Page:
4 Ways Claiming Disability Could Affect Your Taxes
Tax season can be scary and confusing. But if you or a family member has a special circumstance such as a physical disability, it can be doubly so. If you're in this situation, what should you know to make your taxes better and cheaper? Here are 4 tax time tips just for you.
Exclude Some Disability Income. Disability income may or may not be taxable, depending on its source and your circumstances, so it's important to understand the differences. Generally, disability payments from your employer are taxable only until the normal retirement age. Supplemental Security Income and Veterans Administration benefits are generally not taxable, as are some Medicaid payments.
Claim Medical Expenses. Be sure to keep receipts for any medical expenses (including the mileage!) you incur due to your disability. These may lower your taxes. Examples of qualified medical expenses many disabled taxpayers incur include doctors, hospitals, prescriptions, tutoring or special schools, therapy, some service animal costs, artificial limbs, insurance premiums, and nursing care. You may also be able to deduct permanent improvements to your home—such as ramps, elevators, widening of doors or lowering of cabinets, or grading changes in the property—if made primarily for the care of the disabled person.
Check for Credits. Several credits could potentially benefit a family with a disabled member. If you must pay for care for a disabled dependent while you work, you may be able to claim the Child and Dependent Care Credit. In addition, the Credit for the Elderly and Disabled may reduce your tax bill if you earned less than $17,500. Low-income families with a permanently disabled dependent child (of any age) may also qualify for the Earned Income Tax Credit.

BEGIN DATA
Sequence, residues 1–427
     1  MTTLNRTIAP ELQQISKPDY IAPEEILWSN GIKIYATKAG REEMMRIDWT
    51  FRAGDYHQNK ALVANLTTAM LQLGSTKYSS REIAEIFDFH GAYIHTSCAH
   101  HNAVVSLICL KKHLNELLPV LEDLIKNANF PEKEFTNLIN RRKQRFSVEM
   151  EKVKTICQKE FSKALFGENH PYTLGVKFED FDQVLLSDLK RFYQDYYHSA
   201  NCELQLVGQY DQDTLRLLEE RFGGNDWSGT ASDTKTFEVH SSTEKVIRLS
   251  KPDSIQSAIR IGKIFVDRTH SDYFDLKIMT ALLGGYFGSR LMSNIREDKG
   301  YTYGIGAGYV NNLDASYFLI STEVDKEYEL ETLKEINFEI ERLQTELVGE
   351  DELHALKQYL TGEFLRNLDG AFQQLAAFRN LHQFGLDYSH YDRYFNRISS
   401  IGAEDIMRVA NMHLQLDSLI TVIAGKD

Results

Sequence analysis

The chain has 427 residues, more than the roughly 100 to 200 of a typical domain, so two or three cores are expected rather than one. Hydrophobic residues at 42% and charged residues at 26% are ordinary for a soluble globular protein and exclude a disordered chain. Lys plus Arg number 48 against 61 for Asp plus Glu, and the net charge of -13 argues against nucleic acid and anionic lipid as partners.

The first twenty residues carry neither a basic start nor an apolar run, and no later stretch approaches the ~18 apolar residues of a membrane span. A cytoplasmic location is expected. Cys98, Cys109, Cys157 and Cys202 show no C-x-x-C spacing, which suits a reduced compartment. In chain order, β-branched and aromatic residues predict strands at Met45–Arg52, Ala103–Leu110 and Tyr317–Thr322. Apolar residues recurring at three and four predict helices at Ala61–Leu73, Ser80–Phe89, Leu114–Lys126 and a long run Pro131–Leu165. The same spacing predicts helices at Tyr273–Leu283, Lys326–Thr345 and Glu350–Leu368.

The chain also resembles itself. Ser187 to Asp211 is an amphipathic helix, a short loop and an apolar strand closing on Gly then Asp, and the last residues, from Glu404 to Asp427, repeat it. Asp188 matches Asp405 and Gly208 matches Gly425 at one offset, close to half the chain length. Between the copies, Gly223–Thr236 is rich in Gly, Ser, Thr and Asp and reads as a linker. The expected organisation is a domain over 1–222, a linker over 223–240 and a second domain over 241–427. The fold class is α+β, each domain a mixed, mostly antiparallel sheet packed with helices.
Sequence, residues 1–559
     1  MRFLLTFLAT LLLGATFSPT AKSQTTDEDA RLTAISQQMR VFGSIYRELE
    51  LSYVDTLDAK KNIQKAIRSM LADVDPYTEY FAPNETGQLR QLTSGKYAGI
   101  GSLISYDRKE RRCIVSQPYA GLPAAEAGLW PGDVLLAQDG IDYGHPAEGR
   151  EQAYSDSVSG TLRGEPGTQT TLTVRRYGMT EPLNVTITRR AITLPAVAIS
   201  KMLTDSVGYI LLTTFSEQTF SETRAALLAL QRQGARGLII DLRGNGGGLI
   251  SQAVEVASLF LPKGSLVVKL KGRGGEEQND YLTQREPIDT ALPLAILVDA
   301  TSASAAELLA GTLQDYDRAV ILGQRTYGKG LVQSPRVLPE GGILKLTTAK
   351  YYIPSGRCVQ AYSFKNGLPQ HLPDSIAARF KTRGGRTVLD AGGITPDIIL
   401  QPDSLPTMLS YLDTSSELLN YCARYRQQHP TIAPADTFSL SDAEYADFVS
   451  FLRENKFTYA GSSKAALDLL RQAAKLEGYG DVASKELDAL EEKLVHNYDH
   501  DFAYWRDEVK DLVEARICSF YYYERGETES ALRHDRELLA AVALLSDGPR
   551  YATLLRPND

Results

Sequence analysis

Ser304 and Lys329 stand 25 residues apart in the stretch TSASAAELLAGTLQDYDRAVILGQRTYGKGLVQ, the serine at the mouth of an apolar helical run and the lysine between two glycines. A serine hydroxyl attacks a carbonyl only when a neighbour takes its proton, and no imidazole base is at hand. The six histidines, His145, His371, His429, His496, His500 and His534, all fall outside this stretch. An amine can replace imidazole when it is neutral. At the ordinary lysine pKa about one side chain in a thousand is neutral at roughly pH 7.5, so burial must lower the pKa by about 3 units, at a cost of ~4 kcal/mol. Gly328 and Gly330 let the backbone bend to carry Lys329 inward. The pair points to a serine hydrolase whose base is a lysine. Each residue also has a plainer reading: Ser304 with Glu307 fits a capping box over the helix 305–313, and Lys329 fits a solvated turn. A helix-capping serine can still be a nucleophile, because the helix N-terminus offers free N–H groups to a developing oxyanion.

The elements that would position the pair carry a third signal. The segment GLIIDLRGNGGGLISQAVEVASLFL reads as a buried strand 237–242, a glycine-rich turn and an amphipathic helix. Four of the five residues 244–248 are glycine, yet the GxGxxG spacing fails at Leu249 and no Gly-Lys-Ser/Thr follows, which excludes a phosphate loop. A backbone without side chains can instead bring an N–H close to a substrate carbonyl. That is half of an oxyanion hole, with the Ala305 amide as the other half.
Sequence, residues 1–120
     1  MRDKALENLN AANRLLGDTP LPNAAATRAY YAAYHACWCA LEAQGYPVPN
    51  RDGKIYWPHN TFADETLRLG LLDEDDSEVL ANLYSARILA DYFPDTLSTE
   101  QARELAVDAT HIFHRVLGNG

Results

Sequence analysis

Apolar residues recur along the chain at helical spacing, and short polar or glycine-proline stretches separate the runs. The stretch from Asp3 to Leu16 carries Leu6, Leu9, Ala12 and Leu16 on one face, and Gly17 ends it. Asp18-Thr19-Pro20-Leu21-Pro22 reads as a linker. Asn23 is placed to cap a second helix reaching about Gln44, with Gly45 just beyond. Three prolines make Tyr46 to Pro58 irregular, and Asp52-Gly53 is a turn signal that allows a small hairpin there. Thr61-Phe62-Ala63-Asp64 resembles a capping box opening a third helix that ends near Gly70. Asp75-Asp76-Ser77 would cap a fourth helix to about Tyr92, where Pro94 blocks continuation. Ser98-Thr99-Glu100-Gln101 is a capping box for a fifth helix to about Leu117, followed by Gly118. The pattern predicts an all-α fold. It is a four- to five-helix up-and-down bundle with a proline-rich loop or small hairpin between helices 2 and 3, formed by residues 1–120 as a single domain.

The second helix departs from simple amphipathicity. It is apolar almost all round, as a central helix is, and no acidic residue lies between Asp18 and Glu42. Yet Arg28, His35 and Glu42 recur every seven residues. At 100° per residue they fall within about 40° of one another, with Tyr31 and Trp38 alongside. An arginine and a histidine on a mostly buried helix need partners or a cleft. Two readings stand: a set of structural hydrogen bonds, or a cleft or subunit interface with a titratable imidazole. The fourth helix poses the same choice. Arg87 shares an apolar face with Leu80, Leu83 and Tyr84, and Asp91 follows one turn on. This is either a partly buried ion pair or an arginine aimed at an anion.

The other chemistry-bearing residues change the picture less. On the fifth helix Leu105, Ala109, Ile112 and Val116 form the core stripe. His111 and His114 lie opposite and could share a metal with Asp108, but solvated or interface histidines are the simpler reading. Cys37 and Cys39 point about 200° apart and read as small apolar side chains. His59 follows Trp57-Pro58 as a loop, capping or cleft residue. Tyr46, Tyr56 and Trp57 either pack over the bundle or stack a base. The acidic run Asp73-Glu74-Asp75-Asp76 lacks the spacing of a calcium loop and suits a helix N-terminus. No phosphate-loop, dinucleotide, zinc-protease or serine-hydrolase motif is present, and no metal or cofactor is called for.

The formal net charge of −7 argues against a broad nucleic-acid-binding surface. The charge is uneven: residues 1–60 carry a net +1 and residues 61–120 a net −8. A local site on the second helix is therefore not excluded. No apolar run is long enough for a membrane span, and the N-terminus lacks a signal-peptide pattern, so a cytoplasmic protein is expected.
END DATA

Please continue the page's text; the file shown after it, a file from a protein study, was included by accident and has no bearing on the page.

Set Aside Money. In 2014, the ABLE Act established that states could create tax exempt accounts (commonly called ABLE Accounts) that are similar to 529 accounts to pay for disability-related expenses without worrying about assets disqualifying the disabled person from receiving SSI or Medicaid. You or anyone else may contribute up to $14,000 (the gift tax exclusion) annually to this account.
As you navigate the murky waters of your income taxes when a disability is involved, you may want to work with a professional accountant or income tax preparation service with experience dealing with clients in your circumstances. And while some effort will be required, the result could be a boon to your family's finances just when you need it most.